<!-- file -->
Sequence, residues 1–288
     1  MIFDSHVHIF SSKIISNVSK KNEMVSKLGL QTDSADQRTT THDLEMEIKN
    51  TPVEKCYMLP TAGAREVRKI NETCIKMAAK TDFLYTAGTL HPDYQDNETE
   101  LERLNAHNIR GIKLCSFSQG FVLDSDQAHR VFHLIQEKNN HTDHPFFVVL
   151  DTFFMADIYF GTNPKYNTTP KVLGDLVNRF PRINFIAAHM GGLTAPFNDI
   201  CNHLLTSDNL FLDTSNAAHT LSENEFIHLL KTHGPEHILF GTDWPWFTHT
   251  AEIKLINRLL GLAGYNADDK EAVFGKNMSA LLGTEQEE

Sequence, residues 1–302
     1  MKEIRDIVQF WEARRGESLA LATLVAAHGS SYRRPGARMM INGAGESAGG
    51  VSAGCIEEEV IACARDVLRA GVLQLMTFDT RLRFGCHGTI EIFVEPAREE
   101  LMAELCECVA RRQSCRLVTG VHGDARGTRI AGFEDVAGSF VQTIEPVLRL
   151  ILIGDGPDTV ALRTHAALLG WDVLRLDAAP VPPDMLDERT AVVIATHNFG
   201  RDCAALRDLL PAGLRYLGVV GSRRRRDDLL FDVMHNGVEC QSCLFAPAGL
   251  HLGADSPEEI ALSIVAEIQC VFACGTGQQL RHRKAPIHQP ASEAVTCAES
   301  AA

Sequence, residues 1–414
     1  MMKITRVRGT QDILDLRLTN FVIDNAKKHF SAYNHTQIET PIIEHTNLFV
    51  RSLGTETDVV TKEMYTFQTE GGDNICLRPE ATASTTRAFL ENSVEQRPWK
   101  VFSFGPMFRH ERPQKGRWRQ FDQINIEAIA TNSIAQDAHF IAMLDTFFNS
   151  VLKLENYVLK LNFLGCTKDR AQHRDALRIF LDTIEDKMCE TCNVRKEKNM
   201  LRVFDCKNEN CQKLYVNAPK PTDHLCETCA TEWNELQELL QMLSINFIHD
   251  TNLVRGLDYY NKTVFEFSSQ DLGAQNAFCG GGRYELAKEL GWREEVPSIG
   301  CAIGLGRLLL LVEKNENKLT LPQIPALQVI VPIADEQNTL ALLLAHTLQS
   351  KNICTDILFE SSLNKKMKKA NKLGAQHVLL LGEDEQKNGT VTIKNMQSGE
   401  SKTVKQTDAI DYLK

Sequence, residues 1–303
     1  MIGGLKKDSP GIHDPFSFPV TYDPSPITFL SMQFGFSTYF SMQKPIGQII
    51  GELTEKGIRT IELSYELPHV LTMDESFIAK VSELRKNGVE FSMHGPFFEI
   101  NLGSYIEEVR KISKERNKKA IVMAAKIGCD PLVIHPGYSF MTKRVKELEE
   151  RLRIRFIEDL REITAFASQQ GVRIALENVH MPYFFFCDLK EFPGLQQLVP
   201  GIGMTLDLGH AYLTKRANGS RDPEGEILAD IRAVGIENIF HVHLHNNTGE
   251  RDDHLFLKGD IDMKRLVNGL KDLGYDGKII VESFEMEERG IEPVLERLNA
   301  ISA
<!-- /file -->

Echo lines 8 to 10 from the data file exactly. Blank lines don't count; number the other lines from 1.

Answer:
Sequence, residues 1–302
     1  MKEIRDIVQF WEARRGESLA LATLVAAHGS SYRRPGARMM INGAGESAGG
    51  VSAGCIEEEV IACARDVLRA GVLQLMTFDT RLRFGCHGTI EIFVEPAREE